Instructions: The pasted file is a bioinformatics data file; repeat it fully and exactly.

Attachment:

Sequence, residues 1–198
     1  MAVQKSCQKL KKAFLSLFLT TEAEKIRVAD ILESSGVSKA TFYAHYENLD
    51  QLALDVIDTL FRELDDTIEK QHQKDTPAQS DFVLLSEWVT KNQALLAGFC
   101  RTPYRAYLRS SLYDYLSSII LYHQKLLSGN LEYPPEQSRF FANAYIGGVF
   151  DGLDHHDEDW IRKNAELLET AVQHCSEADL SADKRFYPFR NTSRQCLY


Sequence, residues 1–198
     1  MAVQKSCQKL KKAFLSLFLT TEAEKIRVAD ILESSGVSKA TFYAHYENLD
    51  QLALDVIDTL FRELDDTIEK QHQKDTPAQS DFVLLSEWVT KNQALLAGFC
   101  RTPYRAYLRS SLYDYLSSII LYHQKLLSGN LEYPPEQSRF FANAYIGGVF
   151  DGLDHHDEDW IRKNAELLET AVQHCSEADL SADKRFYPFR NTSRQCLY